Places where preschoolers are (in)active: an observational study on Latino preschoolers and their parents using objective measures
To combat the disproportionately higher risk of childhood obesity in Latino preschool-aged children, multilevel interventions targeting physical (in) activity are needed. These require the identification of environmental and psychosocial determinants of physical (in) activity for this ethnic group. The objectives were to examine differences in objectively-measured physical activity and sedentary behavior across objectively-determined types of locations in Latino preschool-aged children; and determine whether the differences in physical activity by location were greater in children of parents with higher neighborhood-safety perceptions and physical activity-supportive parenting practices.
An observational field study was conducted in Houston (Texas, USA) from August 2011 to April 2012. A purposive sample of Latino children aged 3–5 years and one of their parents (n = 84) were recruited from Census block groups in Houston (Texas) stratified by objectively-assessed high vs. low traffic and crime safety. Seventy-three children provided valid data. Time spent outdoors/indoors tagged with geographic locations was coded into location types based on objective data collected using Global Positioning Systems units that children wore >8 hr/day for a week. Physical activity parenting practices, perceived neighborhood-safety, and demographics were reported by parents. Time spent in sedentary behavior and moderate-to-vigorous physical activity was measured based on objective data collected using accelerometers (motion sensors) that children wore >8 hr/day for a week.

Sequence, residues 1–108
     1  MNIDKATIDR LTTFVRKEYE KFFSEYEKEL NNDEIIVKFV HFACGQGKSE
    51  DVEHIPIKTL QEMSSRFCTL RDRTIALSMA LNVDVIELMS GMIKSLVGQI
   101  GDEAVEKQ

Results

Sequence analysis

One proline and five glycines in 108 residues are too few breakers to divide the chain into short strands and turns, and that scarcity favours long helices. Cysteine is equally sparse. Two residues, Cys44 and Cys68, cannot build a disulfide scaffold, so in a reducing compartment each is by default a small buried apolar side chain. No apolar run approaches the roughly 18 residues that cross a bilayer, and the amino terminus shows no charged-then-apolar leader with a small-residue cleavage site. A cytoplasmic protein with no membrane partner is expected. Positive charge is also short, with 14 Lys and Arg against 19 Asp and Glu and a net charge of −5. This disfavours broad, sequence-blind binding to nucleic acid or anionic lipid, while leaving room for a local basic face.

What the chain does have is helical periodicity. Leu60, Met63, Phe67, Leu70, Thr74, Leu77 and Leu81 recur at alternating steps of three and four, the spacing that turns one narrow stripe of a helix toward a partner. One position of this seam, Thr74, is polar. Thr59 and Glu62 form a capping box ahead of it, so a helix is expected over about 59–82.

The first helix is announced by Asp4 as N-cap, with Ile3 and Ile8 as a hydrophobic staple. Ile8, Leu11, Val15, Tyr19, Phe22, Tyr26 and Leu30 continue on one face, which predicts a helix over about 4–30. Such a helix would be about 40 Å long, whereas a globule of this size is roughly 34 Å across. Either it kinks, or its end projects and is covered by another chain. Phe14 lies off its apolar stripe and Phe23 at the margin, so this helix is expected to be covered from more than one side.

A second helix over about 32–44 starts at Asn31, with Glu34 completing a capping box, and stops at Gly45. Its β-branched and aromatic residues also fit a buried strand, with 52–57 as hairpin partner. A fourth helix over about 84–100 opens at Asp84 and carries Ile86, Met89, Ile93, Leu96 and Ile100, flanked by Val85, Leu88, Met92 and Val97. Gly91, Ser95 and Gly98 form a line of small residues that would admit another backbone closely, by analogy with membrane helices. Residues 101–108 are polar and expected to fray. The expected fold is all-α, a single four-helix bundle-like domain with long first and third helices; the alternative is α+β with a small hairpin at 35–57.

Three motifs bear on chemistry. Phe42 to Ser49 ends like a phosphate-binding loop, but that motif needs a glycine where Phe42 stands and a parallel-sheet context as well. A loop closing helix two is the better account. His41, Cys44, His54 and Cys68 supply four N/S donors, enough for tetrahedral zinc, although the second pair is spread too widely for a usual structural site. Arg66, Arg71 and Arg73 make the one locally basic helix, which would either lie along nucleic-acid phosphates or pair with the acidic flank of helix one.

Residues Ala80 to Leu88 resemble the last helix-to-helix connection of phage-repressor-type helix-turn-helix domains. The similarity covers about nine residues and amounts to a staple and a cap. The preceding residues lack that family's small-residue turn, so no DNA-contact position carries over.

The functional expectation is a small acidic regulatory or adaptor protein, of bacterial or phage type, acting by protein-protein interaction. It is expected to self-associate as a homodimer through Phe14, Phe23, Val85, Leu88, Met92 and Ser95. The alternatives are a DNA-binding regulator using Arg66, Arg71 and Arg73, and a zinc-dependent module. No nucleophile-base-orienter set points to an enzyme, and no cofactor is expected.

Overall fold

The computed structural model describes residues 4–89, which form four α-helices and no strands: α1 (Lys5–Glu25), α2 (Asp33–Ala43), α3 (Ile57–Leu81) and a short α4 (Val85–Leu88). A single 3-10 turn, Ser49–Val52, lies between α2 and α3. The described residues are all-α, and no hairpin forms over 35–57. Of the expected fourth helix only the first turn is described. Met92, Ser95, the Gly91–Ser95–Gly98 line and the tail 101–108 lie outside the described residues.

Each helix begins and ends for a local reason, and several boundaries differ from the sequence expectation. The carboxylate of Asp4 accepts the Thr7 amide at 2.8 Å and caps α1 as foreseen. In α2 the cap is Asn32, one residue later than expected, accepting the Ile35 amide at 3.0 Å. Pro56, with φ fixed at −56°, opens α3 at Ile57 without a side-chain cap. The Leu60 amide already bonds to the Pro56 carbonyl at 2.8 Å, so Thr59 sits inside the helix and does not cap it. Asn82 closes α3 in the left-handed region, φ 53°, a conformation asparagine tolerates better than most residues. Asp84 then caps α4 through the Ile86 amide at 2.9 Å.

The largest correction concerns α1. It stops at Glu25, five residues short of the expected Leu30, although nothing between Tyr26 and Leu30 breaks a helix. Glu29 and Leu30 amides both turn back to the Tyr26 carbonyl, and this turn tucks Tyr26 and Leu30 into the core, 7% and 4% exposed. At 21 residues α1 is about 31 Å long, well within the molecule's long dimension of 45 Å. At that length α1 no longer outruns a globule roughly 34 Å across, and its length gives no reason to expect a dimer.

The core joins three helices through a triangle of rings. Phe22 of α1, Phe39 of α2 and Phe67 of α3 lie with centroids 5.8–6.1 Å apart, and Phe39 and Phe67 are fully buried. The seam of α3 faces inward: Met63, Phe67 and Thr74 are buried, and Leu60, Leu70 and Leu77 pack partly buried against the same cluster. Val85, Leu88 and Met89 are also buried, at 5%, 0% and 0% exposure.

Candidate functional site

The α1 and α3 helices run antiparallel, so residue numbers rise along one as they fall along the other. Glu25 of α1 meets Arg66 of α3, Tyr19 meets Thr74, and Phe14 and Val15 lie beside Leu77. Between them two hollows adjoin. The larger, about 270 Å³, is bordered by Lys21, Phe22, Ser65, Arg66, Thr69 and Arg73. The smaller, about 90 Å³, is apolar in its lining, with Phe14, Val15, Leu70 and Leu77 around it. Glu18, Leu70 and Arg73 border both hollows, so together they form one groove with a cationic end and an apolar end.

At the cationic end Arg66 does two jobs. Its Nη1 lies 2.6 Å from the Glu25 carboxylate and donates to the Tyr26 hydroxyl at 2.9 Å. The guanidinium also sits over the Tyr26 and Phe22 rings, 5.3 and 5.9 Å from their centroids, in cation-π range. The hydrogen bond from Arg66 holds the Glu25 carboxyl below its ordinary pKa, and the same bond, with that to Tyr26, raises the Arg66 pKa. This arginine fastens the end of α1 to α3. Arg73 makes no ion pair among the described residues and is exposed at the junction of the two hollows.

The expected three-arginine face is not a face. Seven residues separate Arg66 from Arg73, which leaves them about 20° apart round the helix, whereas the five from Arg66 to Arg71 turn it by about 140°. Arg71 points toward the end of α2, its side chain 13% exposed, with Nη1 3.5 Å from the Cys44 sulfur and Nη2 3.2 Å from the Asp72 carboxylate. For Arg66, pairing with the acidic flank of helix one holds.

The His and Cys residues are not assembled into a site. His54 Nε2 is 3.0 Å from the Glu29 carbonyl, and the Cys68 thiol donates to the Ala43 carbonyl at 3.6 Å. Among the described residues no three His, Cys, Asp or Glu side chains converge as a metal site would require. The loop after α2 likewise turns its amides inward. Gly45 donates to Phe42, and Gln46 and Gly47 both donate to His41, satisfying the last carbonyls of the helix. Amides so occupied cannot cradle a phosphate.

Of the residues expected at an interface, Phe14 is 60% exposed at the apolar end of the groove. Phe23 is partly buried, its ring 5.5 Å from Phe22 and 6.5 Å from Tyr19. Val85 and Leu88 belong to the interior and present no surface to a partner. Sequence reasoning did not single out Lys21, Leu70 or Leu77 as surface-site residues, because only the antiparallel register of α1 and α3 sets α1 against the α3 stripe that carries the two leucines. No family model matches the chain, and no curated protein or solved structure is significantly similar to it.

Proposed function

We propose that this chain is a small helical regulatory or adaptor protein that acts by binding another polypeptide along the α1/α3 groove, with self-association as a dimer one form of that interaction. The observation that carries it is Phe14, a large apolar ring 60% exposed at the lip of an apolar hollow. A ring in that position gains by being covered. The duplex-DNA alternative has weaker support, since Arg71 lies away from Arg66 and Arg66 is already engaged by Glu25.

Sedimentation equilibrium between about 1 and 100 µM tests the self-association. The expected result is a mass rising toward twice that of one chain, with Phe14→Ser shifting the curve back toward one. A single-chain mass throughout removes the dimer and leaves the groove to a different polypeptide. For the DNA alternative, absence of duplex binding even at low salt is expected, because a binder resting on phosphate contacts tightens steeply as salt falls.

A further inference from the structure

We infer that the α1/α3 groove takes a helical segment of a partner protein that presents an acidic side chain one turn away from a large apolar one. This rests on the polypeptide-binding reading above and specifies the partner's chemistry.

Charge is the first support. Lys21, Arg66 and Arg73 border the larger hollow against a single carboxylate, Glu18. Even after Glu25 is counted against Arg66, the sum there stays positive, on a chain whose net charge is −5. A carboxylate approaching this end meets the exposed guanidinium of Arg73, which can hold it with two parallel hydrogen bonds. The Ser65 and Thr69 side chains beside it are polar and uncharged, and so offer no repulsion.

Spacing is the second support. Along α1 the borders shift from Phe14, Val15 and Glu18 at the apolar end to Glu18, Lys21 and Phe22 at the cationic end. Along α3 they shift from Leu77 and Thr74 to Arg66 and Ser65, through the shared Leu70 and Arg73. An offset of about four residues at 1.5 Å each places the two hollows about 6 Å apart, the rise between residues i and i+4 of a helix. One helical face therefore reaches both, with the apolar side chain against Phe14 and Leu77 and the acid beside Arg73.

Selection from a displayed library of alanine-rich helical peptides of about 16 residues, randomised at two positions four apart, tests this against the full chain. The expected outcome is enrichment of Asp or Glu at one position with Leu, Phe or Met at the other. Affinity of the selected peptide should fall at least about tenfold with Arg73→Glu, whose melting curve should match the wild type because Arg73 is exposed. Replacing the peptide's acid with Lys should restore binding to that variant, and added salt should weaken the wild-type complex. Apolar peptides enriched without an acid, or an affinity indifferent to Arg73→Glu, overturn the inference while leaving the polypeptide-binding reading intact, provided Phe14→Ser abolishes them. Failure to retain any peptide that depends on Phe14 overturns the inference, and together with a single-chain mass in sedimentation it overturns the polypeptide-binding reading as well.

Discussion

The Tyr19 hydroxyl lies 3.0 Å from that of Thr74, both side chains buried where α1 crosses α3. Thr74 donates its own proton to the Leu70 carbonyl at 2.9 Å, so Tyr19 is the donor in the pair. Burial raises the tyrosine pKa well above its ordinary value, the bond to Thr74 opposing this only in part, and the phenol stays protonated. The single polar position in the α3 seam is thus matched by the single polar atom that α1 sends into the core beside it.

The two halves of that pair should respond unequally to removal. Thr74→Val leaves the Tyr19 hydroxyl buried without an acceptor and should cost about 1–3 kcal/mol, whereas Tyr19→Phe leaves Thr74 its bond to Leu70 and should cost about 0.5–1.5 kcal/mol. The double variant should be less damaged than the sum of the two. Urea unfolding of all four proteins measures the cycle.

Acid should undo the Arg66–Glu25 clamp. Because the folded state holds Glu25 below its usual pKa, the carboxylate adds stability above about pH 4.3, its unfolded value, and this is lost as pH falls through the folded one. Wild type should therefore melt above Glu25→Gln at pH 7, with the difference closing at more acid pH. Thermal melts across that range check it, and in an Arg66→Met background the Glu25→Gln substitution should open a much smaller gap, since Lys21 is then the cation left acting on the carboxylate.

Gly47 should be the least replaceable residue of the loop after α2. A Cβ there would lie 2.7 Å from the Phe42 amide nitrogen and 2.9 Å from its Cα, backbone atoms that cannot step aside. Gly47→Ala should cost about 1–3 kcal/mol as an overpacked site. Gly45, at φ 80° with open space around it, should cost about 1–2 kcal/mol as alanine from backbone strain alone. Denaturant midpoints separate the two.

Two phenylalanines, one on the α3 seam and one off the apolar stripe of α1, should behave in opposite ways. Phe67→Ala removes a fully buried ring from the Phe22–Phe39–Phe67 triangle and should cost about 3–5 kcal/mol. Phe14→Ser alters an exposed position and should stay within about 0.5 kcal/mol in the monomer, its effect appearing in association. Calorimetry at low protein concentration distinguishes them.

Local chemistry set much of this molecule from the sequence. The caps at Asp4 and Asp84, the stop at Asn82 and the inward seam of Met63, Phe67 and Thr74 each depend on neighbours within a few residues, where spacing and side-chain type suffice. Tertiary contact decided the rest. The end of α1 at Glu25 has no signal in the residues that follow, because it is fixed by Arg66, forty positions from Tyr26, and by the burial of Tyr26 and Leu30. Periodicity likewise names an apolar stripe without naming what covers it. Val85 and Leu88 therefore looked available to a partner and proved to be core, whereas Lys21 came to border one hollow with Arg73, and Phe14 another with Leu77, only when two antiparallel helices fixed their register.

The odds of children engaging in moderate-to-vigorous physical activity were 43 % higher when outdoors than indoors (95 % confidence interval: 1.30, 1.58), and the odds of being sedentary were 14 % lower when outdoors compared to indoors (95 % confidence intervals: 0.81, 0.91). This difference depended on parental neighborhood-safety perceptions and parenting practices. Children were most active in parks/playgrounds (30 % of the time spent in moderate-to-vigorous physical activity) and least active in childcare/school settings (8 % of the time spent in moderate-to-vigorous physical activity).
Objectively-assessed time spent in specific locations is correlated with physical activity and sedentary behavior in Latino preschoolers. Interventions and policies should identify ways to engage Latino preschool-aged children in more physical activity and less sedentary behavior while in childcare, and encourage parents to spend more time with their young children in parks/playgrounds and other safe outdoor places.